Linux

The Serial Console

Post date: April 14, 2005, 13:04 Category: Hardware Views: 3904 Comments
Tutorial quote: In these modern times, a hardworking admin might be tempted to turn her back on the Old Ways, and indulge in increasingly exotic methods of interfacing with servers: SSH over ethernet, USB, Firewire, wireless, infrared, KVM switches, VNC, VPN... next stop: direct neural implants.

There's one old timer that still has useful place in the admin's tool kit: the serial console. Sure, it's slow and funky. But there are times it can be a real lifesaver. When nothing else works, it's a direct pipeline into your system. It's simple and cheap. You don't need to install drivers or expansion cards, it's just there.

Administration via serial console is common in data centers. Just imagine the nightmare of trying to connect all those rack units to keyboards and displays. The cabling can be extended to a nice comfortable ops center (well, an ops center, anyway). (This Lantronix Console Manager is an example of the type of device used to administer these.)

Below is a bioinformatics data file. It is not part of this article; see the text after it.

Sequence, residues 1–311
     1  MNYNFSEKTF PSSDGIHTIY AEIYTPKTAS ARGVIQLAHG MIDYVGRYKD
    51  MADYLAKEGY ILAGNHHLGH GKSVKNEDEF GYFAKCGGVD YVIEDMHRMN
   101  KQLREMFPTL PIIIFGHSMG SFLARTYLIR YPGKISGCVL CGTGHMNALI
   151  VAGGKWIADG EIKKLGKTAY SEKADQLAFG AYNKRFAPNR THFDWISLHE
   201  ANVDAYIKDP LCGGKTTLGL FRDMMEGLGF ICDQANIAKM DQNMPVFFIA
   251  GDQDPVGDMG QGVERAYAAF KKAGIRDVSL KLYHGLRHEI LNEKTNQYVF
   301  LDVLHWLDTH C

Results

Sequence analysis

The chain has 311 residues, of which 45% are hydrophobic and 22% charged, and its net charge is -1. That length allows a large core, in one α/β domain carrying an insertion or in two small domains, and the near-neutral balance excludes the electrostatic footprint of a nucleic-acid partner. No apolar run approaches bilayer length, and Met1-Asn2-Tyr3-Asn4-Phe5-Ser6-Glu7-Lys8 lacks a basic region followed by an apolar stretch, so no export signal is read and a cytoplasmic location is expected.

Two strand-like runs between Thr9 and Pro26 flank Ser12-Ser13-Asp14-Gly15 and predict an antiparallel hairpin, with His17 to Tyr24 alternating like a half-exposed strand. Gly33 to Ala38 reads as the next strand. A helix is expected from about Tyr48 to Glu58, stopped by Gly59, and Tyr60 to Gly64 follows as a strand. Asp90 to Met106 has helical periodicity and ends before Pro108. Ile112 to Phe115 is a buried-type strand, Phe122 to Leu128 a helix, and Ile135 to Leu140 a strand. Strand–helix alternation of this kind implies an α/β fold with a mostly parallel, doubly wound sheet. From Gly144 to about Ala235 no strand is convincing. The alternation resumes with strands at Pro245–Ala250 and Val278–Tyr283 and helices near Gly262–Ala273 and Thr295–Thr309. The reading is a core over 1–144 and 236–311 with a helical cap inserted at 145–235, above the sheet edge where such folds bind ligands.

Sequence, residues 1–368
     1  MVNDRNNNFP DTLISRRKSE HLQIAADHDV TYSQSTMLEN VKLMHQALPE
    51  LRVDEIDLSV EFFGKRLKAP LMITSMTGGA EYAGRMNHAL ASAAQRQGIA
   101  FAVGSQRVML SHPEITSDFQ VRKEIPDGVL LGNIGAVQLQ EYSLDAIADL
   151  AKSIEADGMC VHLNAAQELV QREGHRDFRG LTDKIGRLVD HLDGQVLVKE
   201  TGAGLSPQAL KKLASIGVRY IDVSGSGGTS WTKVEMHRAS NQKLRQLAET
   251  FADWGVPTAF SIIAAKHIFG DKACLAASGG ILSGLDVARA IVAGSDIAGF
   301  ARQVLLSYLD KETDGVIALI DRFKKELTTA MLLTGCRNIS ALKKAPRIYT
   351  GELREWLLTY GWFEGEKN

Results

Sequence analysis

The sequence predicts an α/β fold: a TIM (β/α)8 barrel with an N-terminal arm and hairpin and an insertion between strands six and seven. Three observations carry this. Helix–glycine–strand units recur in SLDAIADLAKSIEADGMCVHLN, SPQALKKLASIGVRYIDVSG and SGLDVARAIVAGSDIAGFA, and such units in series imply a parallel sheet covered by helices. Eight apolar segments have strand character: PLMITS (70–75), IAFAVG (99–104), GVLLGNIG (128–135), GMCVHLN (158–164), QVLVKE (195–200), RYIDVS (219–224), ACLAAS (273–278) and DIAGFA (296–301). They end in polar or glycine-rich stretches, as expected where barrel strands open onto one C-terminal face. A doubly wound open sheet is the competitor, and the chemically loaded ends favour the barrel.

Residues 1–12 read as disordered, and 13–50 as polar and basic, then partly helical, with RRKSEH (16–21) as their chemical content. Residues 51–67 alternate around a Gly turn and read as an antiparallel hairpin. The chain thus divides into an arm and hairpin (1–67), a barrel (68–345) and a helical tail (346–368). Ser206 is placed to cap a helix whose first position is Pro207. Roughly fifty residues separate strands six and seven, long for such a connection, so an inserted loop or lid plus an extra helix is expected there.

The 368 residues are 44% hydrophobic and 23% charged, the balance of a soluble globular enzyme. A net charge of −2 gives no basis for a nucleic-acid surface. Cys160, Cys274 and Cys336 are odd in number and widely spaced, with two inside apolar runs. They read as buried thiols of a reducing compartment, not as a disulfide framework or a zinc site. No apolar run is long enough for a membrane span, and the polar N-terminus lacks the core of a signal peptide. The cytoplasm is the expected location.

There are a number of ways to make the physical connection. You can connect an external modem--the kind us old timers fondly refer to as "real" modems--and do remote administration via dialup. It couldn't be any simpler, just dial direct. Or grab a null modem cable, connect to a laptop or a nearby workstation, and you have an instant terminal.